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Re: [ontolog-forum] Grand Unified Theories

To: Avril.Styrman@xxxxxxxxxxx
Cc: "[ontolog-forum]" <ontolog-forum@xxxxxxxxxxxxxxxx>
From: John F Sowa <sowa@xxxxxxxxxxx>
Date: Sun, 08 Mar 2015 13:58:44 -0400
Message-id: <54FC8DD4.7040500@xxxxxxxxxxx>
Avril and Rich,    (01)

>> Simplicity is an important criterion.  But simplicity (like
>> beauty, taste, elegance, etc.) is in the eye of the beholder.    (02)

> Do you really think that simplicity is in the eye of the beholder?    (03)

I mean it in *exactly* the same sense as beauty, taste, and elegance.
You can find cases where the difference is so great that most people
will make the same choice.  But there is an overwhelming amount of
disagreement about intermediate cases.    (04)

Nominalists, such as Quine, have used Ockham as an excuse for the
claim that a theory without abstract entities is "simpler" than
a theory that postulates them.  But even Quine admits that you
have to admit the existence of sets (or something similar) if you
want to define all of mathematics.  That "simple" admission opens
the door to the unending hierarchy of infinities.    (05)

I enjoy citing Alonzo Church's talk about the ontology of women
and abstract entities.  He deliberately presented that talk at
Harvard -- because he liked to annoy Quine:    (06)

    http://www.jfsowa.com/ontology/church.htm    (07)

> Is it subjective that the standard model requires that around 70%
> of the total energy must be dark energy, whereas DU does not require
> dark energy at all? Recall that dark energy was added in the 90's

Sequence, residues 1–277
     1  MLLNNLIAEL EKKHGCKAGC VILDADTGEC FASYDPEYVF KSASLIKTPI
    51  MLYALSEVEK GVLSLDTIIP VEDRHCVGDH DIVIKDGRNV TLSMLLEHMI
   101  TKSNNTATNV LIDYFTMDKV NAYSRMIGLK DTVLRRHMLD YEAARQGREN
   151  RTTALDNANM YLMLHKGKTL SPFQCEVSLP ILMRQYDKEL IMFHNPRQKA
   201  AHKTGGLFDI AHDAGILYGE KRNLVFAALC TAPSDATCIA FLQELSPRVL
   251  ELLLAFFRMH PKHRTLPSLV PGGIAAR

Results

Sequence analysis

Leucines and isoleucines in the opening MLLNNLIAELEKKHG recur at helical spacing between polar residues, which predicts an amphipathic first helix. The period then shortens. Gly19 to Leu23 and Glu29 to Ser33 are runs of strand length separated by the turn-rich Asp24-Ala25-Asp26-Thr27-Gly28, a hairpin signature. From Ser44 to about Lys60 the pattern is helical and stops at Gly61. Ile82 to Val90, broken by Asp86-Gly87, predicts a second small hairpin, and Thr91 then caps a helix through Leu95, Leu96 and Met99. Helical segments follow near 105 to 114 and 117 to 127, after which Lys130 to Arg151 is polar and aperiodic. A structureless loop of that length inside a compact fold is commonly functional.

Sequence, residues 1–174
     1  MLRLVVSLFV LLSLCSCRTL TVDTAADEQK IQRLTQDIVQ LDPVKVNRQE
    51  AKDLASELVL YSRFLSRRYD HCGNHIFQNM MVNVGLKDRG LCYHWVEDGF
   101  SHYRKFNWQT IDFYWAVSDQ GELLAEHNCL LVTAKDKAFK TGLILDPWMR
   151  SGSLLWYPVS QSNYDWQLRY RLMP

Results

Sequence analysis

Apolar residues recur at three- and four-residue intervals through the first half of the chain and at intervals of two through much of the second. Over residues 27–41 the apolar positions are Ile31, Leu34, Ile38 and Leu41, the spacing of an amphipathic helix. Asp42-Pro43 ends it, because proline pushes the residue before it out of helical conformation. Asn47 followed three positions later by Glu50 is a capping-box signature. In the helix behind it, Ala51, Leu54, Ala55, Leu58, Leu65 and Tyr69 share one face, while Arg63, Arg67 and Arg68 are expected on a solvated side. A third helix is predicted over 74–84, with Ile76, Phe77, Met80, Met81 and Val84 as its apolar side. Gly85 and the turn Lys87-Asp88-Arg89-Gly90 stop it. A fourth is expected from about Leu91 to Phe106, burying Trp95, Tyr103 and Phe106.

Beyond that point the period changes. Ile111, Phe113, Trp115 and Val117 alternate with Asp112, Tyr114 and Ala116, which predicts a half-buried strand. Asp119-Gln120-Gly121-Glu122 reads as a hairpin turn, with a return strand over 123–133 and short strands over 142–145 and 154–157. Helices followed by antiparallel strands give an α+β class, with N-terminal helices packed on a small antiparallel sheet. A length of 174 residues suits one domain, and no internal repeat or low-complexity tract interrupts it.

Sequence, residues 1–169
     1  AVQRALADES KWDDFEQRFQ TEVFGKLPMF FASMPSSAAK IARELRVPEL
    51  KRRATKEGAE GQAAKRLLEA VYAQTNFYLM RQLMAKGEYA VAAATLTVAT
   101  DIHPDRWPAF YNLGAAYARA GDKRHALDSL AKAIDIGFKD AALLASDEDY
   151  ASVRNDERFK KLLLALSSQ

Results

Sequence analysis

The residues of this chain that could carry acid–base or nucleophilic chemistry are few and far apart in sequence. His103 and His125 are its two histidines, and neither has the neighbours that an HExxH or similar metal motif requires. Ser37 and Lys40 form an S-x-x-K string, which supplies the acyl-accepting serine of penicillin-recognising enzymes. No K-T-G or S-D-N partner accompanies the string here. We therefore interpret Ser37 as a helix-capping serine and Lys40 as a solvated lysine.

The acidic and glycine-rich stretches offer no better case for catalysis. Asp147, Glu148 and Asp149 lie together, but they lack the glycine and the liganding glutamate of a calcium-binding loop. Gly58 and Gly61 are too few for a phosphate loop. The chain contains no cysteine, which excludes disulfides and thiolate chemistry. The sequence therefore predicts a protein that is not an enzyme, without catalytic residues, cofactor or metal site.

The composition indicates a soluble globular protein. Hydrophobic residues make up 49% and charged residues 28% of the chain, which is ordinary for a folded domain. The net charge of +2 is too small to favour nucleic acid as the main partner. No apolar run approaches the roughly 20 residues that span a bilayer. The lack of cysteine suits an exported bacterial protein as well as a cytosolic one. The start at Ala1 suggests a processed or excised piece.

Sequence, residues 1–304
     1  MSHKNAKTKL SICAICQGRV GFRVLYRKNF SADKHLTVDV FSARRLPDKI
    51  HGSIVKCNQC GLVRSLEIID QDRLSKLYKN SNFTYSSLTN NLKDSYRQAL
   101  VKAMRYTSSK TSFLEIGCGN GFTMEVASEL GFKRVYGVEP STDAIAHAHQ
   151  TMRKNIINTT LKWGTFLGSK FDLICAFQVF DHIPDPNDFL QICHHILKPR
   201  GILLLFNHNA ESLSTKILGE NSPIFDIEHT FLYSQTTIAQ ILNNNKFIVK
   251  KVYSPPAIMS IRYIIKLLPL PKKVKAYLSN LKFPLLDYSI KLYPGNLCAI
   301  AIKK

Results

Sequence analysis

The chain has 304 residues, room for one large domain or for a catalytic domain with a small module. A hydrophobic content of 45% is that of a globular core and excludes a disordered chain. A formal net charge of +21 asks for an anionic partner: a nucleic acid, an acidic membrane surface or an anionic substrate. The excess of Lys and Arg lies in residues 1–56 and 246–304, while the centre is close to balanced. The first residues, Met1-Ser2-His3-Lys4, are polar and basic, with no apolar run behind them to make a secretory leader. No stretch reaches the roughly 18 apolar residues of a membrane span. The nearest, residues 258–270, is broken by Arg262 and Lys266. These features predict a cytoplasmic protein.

> in order to make the model match the observations.    (08)

Even the physicists who proposed dark energy agree that it's a
complication, and they've been searching for ways to explain it
or eliminate it.    (09)

> How do we determine, when a new theory is postulated, where its
> predictions mismatch experiment?  There should be a tool for that.    (010)

There is a tool.  It's called mathematics.  For a theory that covers
as much territory as DU (namely, all of physics), the amount of testing
required is huge.  If DU merely changed a few minor assumptions, it
would be relatively easy to check a limited number of implications.    (011)

But DU makes fundamental changes in the basic definitions.  There is
a century of experience in using those definitions to make predictions
that agree with observation.  Physicists are not going to make a
revolutionary change without a lot more testing and analysis.    (012)

John    (013)

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